Experimental Monitoring of Sea Ice Using Unmanned Aerial Systems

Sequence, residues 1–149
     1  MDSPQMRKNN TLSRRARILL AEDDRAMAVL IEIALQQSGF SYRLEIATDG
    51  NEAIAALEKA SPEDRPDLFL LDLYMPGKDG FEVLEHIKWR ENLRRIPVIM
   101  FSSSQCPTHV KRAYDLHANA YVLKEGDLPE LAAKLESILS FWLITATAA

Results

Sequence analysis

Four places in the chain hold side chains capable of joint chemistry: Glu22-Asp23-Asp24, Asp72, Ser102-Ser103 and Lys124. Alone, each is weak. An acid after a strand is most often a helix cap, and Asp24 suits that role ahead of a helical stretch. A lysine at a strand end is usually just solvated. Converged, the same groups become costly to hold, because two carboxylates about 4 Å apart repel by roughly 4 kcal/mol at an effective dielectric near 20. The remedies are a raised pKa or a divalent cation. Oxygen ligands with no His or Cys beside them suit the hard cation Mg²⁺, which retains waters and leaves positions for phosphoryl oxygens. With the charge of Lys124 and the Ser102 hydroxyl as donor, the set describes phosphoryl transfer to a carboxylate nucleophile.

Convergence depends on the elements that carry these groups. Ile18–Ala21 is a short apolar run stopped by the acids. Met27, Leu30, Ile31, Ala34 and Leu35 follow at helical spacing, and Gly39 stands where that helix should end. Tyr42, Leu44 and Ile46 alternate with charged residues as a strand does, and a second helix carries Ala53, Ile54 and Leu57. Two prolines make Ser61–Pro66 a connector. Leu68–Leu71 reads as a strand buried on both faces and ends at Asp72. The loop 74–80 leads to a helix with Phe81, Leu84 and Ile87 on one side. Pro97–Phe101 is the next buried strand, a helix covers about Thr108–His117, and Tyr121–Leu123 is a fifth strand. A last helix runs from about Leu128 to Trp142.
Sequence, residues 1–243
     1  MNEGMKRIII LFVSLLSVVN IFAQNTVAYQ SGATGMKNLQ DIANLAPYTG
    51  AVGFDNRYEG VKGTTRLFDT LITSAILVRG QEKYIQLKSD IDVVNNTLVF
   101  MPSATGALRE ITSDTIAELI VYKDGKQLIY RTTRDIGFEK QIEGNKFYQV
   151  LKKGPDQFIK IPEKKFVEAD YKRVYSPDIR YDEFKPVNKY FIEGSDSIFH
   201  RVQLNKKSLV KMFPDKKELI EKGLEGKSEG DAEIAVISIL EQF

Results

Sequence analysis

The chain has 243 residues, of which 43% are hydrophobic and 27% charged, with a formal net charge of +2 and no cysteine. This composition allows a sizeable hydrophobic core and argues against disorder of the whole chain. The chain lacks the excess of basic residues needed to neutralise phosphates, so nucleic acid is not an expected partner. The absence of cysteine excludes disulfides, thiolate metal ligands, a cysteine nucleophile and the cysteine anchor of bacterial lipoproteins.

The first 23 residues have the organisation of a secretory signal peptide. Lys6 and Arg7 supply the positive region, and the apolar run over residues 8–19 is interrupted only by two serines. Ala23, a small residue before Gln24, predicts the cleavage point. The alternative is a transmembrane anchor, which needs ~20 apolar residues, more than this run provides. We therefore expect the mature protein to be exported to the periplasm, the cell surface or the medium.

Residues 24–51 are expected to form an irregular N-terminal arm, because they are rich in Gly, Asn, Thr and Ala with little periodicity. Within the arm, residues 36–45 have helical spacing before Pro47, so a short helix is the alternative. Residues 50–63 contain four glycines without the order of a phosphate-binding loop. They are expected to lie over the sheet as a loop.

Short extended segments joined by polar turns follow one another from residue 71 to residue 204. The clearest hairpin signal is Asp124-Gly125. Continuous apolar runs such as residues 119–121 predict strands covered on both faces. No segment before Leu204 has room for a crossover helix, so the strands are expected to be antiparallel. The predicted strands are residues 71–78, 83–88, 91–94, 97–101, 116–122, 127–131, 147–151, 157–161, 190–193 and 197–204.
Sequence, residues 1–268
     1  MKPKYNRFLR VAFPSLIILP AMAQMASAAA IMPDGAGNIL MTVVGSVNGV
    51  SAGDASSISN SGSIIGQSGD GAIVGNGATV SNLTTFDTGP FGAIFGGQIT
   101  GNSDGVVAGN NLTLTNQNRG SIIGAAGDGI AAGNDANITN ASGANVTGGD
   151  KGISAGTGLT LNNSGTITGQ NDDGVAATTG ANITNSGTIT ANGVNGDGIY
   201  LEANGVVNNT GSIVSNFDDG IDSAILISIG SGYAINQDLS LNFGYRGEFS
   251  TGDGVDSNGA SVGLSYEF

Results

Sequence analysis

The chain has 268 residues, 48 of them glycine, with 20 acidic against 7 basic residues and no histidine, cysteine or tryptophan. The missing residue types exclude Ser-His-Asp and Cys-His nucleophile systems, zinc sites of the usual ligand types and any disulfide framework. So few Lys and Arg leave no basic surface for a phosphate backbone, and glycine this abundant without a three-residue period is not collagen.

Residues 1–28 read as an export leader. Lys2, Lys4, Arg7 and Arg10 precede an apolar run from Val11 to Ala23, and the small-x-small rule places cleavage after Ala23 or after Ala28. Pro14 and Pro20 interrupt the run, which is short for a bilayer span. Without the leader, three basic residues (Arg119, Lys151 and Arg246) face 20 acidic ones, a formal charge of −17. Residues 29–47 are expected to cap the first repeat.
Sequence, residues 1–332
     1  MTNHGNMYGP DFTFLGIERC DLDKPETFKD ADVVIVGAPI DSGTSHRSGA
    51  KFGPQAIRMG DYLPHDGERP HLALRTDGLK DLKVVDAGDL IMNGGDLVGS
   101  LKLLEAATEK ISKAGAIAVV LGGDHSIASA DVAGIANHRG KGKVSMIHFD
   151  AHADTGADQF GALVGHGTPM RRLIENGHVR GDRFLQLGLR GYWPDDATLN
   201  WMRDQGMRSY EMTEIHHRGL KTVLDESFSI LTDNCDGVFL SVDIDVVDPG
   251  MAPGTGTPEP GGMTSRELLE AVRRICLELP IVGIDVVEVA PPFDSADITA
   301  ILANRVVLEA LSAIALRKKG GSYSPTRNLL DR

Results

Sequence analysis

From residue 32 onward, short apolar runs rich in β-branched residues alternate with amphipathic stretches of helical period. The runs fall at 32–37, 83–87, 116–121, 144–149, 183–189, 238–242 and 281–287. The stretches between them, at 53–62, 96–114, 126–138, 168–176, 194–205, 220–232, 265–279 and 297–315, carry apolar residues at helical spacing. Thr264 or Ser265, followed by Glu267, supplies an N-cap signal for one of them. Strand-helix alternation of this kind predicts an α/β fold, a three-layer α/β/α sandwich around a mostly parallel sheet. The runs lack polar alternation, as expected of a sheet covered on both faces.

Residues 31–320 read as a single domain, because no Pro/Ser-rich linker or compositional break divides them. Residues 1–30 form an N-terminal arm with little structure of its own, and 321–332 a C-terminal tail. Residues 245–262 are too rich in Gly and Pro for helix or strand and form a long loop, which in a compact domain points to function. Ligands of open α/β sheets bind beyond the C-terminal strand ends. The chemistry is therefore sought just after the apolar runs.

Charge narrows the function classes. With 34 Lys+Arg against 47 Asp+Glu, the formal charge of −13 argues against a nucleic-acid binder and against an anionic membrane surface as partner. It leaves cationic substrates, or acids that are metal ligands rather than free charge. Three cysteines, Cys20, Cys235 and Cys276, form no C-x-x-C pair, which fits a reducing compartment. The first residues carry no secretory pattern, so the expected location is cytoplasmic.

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The exploration of arctic seas for offshore oil- and gas resources has received increasinginterest the past few years. Despite the recent dramatic fall in oil prices,estimates indicate that as much as 22% of the worlds remaining hydrocarbons arelocated in arctic areas. Thus it is unlikely that the arctic areas will go largelyuntouched the following decades. One of the main challenges of extracting hydrocarbonsin arctic areas is the abundance of sea ice that can cause damaging loads oninstallations. An important part of oil exploration in these areas is thus the abilityto manage potentially damaging sea ice. The current methods for ice managementinclude manned helicopters and other aircraft for detection together with ships tobreak up or drag away dangerous ice. The main objective of this thesis is to assessthe use of Unmanned Aerial Systems (UAS) to perform ice monitoring. An autonomousUnmanned Aerial System for ice detection and mapping using a thermalimaging sensor on a small fixed wing aircraft is proposed. The main contributionsof this thesis is a real-time Bayesian recursive algorithm for occupancy grid mapestimation representing sea ice. An expedition to Svalbard with several PhD andmaster students from NTNU was originally planned in April 2015, but this wascanceled in March due to time constraints among the participants. The expeditionwas a major source of inspiration for the methods developed, and an indoorlaboratory environment for on-board computer vision was developedusing the Robot Operating System (ROS) software framework. The setup includeda quadcopter with an on-board camera, and a motion capture system capable oftracking the pose of the quadcopter at 120 Hz. The laboratory setup was used totest much of the planned functionality for the Svalbard expedition. The developedcomputer vision based map estimation algorithm is capable of running in real time on an on-board computer. As a part ofthe preparation for the Svalbard excursion, a path planning framework developedby PhD student Anders Albert was successfully tested in the laboratory setup.The experimental results of the mapping algorithm were visually appealing, butcloser investigation revealed unsatisfactory accuracy. Using on-board navigationalsystems alone to perform real-time mapping did not yield sucient accuracy forpractical use. Sources of error and means to improve the results in further workwere investigated.